This was Frank Frederick's gesture to say 'thank you' to the Namibian people for all the support that he has received from them during his sporting career.  Frankie has received sponsorships which have helped him to reach many of his goals. Through the foundation, he gives scholarships to the promising athletes of Namibia. To date, the foundation has given scholarships and donations worth over N$300 000. Samsung, Namibia Beverages through their Coca Cola brand are the official sponsors of the foundation since its establishment. Additional information from the FFF website.

Since 2009 the foundation has already sponsored six athletes with N$30 000 and sports equipment worth about N$19 575 to four rural schools. The athletes who received the scholarships as part of the foundation's core initiative to help them academically include Hardus Maritz, Merilyn Diamond, Dantago Gurirab, Klaudia Moses, Otllie Shiyakela and Jolene Jacobs. Shiyaleka and Jacobs were assisted with N$3 000 each for their coming academic year, while the rest received N$6 000 each to pursue their careers. Maritz competes in the 110-metre hurdles as well as the 100-metre sprints, while Diamond, Gurirab and Jacobs are 200-metre athletics. Shiyakela does the 400m sprint, while Moses is a long distance runner who does both the 1 500m and the 3 000m. 

The FFF also identified five schools in rural Namibia to benefit from sports equipment the foundation acquired from donors and other partners. The Huigub Primary School received equipment worth N$6 600, the Ombombo Primary School in Opuwo received items to the value of N$1 735, while another one also from Opuwo, Ondjondeka Primary School got equipment value at N$5 815. The Omuhaturua Primary School in Gobabis benefited from various items valued at N$5 425, bringing the total amount of goods to the five schools to N$ 19 575. Additionally, two athletes Markus Alerilwe and Corlia Kruger, both long jumpers, each received N$3 000 from Samsung which is now one of the official sponsors of the foundation. 

Frank occasionally, he give motivational lectures to both youth and adult audiences. His hobbies include music, literature, soccer and relaxing with friends. ''The sport’s given me a lot,'' ''It’s now time to give back.'' Frank said. He’s also worked diligently over the years on behalf of his fellow athletes, as a member of the IAAF’s Athletes’ Commission, as the African Athletics Confederation (AAC) Athletes’ Commission Chairman, and as the Namibian National Olympic Committee’s Athletes’ Commission Chairman.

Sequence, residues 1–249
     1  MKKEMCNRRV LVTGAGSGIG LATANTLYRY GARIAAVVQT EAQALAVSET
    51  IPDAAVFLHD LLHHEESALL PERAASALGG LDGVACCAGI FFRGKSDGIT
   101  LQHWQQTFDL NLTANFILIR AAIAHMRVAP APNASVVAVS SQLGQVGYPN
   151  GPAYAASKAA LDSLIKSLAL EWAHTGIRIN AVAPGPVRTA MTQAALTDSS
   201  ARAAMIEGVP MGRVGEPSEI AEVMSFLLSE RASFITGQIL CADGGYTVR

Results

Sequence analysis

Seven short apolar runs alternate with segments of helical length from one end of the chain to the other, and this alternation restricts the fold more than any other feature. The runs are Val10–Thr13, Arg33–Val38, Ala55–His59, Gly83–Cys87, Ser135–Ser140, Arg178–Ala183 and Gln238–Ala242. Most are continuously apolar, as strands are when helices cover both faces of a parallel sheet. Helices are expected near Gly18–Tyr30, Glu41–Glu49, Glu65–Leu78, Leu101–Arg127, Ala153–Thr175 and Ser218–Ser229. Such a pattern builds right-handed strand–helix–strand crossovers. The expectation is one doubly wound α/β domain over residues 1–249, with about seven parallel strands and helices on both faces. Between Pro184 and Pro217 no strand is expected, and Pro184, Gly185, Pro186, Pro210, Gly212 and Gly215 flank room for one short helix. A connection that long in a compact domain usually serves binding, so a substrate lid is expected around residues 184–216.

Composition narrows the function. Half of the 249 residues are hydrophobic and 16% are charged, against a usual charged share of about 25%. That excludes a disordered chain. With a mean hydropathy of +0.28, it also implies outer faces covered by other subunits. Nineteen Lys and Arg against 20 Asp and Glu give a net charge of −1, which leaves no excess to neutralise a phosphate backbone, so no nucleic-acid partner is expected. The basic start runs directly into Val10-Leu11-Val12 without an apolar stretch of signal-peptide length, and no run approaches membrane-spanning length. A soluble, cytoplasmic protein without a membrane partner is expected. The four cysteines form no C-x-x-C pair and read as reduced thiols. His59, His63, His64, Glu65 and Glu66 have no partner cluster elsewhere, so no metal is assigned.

The announcement of his retirement drove emotion among his fellow athletes. In 2012 Frank was honoured with special position in Athens by electing him to the Athlete’s Commission of the IOC. The IOC in turn put him right to work, making him a member of the evaluation committee for the Olympic site selection.  He’s leaves many options open whether to join politics back at home. However, he refused  “No way,” Frankie said, laughing. “Switching to politics would be foolish for me, because I would like to stay popular.” 

At IAAF press conference aheead the Bahamas IAAF 2015 Frankie Fredericks was asked a question: What are your memories of the 1996 Olympic Games 200m final?  He said ''I think Michael brought the best out of me.'' ''I’m from a small country where not many people know where it is, and to become one of the fastest men in the world is quite an achievement.'' ''I was training hard every day because I was sure somewhere else other people were training hard.'' ''Michael was a 400m specialist, I was a 100m man so I had to find out what he was doing and that’s why I started longer runs, I could have been content to just have been the African record holder and not work as hard so that’s why these two (Johnson and Boldon) brought out the best in me.'' Frankie said.